Ready to jump on the bandwagon?

The concept of open-book examinations may be slightly foreign in India, but it is one that comes with a variety of advantages.

Published - January 13, 2019 05:00 pm IST

In order to keep pace with the changing global trends and requirements in higher education, India is dynamically adapting to the challenges and opening up to embrace global practices. As a signatory to Washington Accord, India is slowly adapting to Outcome Based Education (OBE). All India Council for Technical Education (AICTE) recently approved open-book exam for engineering courses.

Simply put, an open-book exam is one of the assessment methods for student learning, where students are permitted to use supplementary (text books, lecture notes, approved documents, even Internet resources) materials during the examination. In India, Gujarat was one of the states that earlier tried this idea of open book exam in 2008. Gujarat Secondary and Higher Secondary Education Board (GSHSEB) toiled the idea and said, exam are for testing students’ intelligence and not memory.

In an open-book examination, it is not the assessment or exam that is important, it is actually the perfect symphony of pedagogy and assessment that matters. Since the traditional exam focuses on the lower level skills of Bloom’s taxonomy, an open-book exam employs the higher-level learning skills for assessment. For a successful open-book exam approach, the traditional teaching methods where the teacher is lecturing and the students jot down, should be transformed into classes that will have discussions, questions, and other engaging processes. The process of teaching will no longer be a mere transfer of information from the teacher to the student without understanding, it will be the sharing of information that enriches the inquiring mind and rekindling the intellectual skills of the students.

We can treat an analogy about exams to computers. If someone asked, “Which is more important, is it the CPU or hard disk?”, it is difficult to answer. With a powerful CPU multiple processes can be done simultaneously; a bigger hard disk can store lots of information. Traditional exams are like checking the power of the hard disk. The success lies in how much data you can store and how fast you can retrieve it. There is no processing part (logical thinking/reasoning) involved. On the other hand, if we look at open-book exams, it is like checking the CPU and not the hard disk. Depending on the processing power of the student, they can effectively and efficiently solve the problem at hand. For a complete learning experience, neither can be of use when their counterpart is missing.

Popular myths

There are many myths about open- book exams among students. “If it is an open-book exam we do not need to study.” In fact, for open-book exams, you may need to study even beyond the regular prescribed books. “You can score high marks.” No, the difficulty level will be higher than the traditional exam, so it is not easy to score high marks. “You can easily and quickly complete the exam.” Studies have shown that the time required to complete an open-book exam is relatively longer than the stipulated or allotted time.

From the teacher’s perspective, they think it is easy to set a question paper. Unfortunately, making even a single question requires quite a bit of thought process. “It is easy to evaluate the answer scripts.” Sometimes, the answers can be as diverge as mountains and valleys. “It is easy to make answer keys and marking schemes.” In reality, due to the various approaches that can be applied to arrive at the required answer, evaluating answer scripts may take longer time and even the marking schemes need to be amended or modified to reflect upon various approaches.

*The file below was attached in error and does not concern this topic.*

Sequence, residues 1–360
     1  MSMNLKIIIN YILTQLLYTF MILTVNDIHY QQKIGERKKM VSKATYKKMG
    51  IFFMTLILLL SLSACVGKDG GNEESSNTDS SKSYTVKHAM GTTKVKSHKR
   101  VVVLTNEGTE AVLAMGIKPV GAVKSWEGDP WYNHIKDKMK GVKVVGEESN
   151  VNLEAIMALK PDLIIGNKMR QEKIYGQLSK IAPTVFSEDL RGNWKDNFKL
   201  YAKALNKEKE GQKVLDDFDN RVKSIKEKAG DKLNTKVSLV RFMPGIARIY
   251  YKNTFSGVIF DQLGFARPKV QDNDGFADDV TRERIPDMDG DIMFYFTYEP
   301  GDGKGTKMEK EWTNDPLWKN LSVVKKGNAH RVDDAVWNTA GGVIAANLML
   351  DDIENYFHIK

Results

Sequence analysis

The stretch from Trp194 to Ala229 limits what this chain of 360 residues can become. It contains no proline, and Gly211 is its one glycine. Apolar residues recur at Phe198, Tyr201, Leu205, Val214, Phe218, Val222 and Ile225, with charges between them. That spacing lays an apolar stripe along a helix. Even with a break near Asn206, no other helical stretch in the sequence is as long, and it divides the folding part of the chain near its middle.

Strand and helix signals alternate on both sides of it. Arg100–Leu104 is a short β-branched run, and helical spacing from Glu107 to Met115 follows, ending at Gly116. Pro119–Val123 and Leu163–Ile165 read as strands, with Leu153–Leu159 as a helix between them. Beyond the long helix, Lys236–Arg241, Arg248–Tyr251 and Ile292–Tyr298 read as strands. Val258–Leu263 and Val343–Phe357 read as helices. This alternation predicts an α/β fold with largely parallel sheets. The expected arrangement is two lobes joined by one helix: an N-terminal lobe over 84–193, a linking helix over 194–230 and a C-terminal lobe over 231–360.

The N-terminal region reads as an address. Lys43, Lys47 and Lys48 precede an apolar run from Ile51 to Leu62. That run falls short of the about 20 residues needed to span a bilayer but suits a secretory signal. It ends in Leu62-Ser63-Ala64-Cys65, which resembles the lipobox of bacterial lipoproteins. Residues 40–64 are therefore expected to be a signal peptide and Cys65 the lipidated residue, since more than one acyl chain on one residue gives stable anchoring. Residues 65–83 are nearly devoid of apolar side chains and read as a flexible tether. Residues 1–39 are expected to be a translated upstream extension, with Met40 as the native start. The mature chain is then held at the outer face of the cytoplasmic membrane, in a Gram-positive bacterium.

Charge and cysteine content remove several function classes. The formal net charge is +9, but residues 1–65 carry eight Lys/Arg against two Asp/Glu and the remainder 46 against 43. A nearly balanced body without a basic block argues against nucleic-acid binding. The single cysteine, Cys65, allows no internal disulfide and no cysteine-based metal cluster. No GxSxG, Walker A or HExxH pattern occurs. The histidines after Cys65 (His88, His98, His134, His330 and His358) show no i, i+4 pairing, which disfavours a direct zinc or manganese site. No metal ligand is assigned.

Tips to succeed

The most important parts include time management and preparation. Be concise, accurate, yet thorough while answering. First, answer all the questions for which you have an answer. Then, attempt the difficult ones. Preparation can be the most successful yet least practised. Read elaborately and organise the learnings into small digestible chunks. It can include creating index cards, writing notes about important concepts, a summary sheet and so on. Finally, identify all the exceptions to a rule, law, theory or theorem. Questions are often based on these aspects.

Some of the reforms the open-book exam can bring include changes in pedagogical approaches, removing students anxieties about exams, creating great thinkers, imparting higher order learning skills, reducing dependence on rote learning, to avoid recycling of old questions. It will certainly improve the analytical and reasoning skills of the students to a greater extent.

In order to overcome some of the limitations of open-book exam, adequate time may be given to complete the exam. Depending on the difficulty level, the evaluation can be relatively liberal. Similar to percentile score used for ranking in many competitive exams, a relative grading rather than absolute grading will be an important aspect worth considering.

But barring a few short comings, open-book exams do not deprive the satisfaction what a teacher gets, when they come to know that the students had achieved mastery in the subjects they studied. From the student’s perspective, the benefits of such exams are not immediately felt, but they will realise the awakening of their quest to superiority later in their career.

The writer is Associate Professor of the School of Biotechnology, Jawaharlal Nehru University, New Delhi.

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